“I want to thank Eversource and United Illuminating for working diligently to reach agreement on moving this important project forward,” DEEP Commissioner Katie Dykes said. “The Park City Wind Project will help revitalize Bridgeport Harbor and bring many skilled jobs to Connecticut, and Vineyard has committed to constructing and operating this project in an environmentally sensitive manner protecting the ecosystem while also working with the local fishing community. This project and the previously selected project will make Connecticut a major hub for offshore wind development for years to come.”
“This agreement will have far-reaching positive impacts, as it will strengthen our workforce and supply chains and help us capitalize on renewable energy as an economic driver for the region and state,” said DECD Commissioner David Lehman.
Representatives of Connecticut’s regulated utilities, as well as Vineyard Wind, the developer of the Park City Wind Project, also celebrated the development.
“We are proud to support the development of renewable energy which will help reduce greenhouse gas emissions and address climate change in our region,” said Eversource Vice President of Energy Supply James Daly. “The additional 804 megawatts of offshore wind power in this PPA will work to advance Connecticut’s clean energy future and economic development.”
“We are pleased that UI has the opportunity to help Connecticut bring the benefits of clean, renewable offshore wind energy to our customers,” said Tony Marone, president and CEO of UI’s parent company, Avangrid Networks. “We believe offshore wind development will be a key component of Connecticut’s clean energy future, in keeping with our company’s purpose of working together to deliver a more accessible clean energy model that promotes healthier and more sustainable communities every day.”
“The signing of these agreements would be a huge milestone for the project during ordinary times, but that fact that we were able to get this done during the COVID-19 crisis is all the more significant,” said Vineyard Wind CEO Lars Thaaning-Pedersen. “We want to thank DEEP and the Connecticut EDCs for working with us as we take giant steps forward to bring Connecticut’s largest ever commitment to clean, renewable energy to fruition.”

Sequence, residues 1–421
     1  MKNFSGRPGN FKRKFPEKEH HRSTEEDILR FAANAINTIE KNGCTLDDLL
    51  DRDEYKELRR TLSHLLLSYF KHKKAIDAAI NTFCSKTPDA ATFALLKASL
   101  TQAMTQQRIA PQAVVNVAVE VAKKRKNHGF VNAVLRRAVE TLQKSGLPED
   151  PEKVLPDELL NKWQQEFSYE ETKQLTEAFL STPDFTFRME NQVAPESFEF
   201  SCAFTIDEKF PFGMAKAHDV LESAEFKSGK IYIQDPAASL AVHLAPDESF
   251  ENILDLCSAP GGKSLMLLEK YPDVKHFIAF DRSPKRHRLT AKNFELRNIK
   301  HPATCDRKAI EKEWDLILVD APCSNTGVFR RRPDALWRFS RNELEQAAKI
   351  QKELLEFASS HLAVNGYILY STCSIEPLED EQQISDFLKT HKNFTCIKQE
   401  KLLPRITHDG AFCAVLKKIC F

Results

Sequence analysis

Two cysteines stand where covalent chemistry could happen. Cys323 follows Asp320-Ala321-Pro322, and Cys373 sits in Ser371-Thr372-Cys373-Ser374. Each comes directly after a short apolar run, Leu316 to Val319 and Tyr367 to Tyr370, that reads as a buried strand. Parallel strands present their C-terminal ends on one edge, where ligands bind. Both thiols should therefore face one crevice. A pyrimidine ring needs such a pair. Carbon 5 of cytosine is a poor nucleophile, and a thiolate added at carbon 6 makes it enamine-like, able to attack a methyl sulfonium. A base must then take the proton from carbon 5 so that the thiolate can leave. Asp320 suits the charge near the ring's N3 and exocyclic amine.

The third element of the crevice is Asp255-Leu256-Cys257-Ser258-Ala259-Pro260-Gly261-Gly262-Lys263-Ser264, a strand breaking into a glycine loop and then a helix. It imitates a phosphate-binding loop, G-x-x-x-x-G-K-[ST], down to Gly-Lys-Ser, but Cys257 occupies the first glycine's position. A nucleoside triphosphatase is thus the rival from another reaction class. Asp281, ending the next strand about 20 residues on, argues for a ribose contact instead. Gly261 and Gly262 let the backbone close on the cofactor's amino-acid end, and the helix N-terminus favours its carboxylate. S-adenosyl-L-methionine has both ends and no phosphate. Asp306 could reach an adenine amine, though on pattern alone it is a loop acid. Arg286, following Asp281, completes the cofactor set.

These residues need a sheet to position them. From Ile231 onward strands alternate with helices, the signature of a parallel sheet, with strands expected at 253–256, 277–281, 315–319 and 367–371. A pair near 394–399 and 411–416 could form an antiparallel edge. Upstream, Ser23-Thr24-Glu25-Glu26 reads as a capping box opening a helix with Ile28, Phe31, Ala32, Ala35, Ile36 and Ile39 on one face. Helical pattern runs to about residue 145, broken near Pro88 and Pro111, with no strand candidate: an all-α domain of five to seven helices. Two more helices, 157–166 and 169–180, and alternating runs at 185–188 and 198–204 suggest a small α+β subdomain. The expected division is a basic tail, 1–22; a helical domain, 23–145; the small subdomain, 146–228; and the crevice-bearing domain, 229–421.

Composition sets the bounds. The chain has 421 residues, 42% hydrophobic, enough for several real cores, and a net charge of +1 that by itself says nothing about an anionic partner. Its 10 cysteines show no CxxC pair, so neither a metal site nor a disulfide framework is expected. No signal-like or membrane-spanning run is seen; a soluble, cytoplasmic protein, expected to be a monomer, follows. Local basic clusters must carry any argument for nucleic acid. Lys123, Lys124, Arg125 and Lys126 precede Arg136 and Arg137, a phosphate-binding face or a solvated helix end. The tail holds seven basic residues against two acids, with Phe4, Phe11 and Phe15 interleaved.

This is the state’s third procurement with offshore wind as a competitive resource, and the first procurement specifically focused on offshore wind. In 2018, DEEP selected a total of 304 megawatts of offshore wind from Revolution Wind developed by Ørsted and Eversource. Revolution Wind includes economic development commitments to the state pier in New London. With this most recent selection, Connecticut is leading New York (5%) and Massachusetts (13%), with the equivalent of 19% of its electric load under contract with offshore wind projects. Rhode Island currently has the equivalent of 25% of its electric load committed to offshore wind projects.
During the RFP process that led to the selection of the 804 MW Park City Wind Project, DEEP consulted with the Office of Consumer Counsel, Attorney General’s Office, procurement manager at PURA, and Connecticut’s electric distribution companies, Eversource and United Illuminating. DEEP also convened a Commission on Environmental Standards to provide input on best practices for avoiding, minimizing and mitigating any impacts to wildlife, natural resources, ecosystems and water-dependent uses like commercial fishing. The final RFP was issued on August 16, 2019. On October 30, 2019, DEEP received more than 30 bid variants from three different developers in response to the RFP. Vineyard Wind’s Park City Wind project was selected from those bids. DEEP completed its procurement process to capture lower pricing as a result of federal tax incentives that were set to expire in 2019.
The power purchase agreement will now be subject to PURA review.